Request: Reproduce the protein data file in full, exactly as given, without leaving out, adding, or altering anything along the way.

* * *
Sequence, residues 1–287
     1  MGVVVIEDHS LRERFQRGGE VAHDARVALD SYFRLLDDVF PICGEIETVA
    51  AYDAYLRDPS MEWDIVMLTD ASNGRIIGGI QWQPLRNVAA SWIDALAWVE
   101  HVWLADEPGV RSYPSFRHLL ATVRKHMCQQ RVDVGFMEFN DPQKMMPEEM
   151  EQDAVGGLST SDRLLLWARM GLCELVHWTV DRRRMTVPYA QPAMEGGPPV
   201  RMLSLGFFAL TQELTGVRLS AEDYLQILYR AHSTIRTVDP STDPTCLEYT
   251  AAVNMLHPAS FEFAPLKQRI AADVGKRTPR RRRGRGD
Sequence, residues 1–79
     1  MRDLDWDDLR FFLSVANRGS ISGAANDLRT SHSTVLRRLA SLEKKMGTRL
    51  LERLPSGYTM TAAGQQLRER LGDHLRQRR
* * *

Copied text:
Sequence, residues 1–287
     1  MGVVVIEDHS LRERFQRGGE VAHDARVALD SYFRLLDDVF PICGEIETVA
    51  AYDAYLRDPS MEWDIVMLTD ASNGRIIGGI QWQPLRNVAA SWIDALAWVE
   101  HVWLADEPGV RSYPSFRHLL ATVRKHMCQQ RVDVGFMEFN DPQKMMPEEM
   151  EQDAVGGLST SDRLLLWARM GLCELVHWTV DRRRMTVPYA QPAMEGGPPV
   201  RMLSLGFFAL TQELTGVRLS AEDYLQILYR AHSTIRTVDP STDPTCLEYT
   251  AAVNMLHPAS FEFAPLKQRI AADVGKRTPR RRRGRGD
Sequence, residues 1–79
     1  MRDLDWDDLR FFLSVANRGS ISGAANDLRT SHSTVLRRLA SLEKKMGTRL
    51  LERLPSGYTM TAAGQQLRER LGDHLRQRR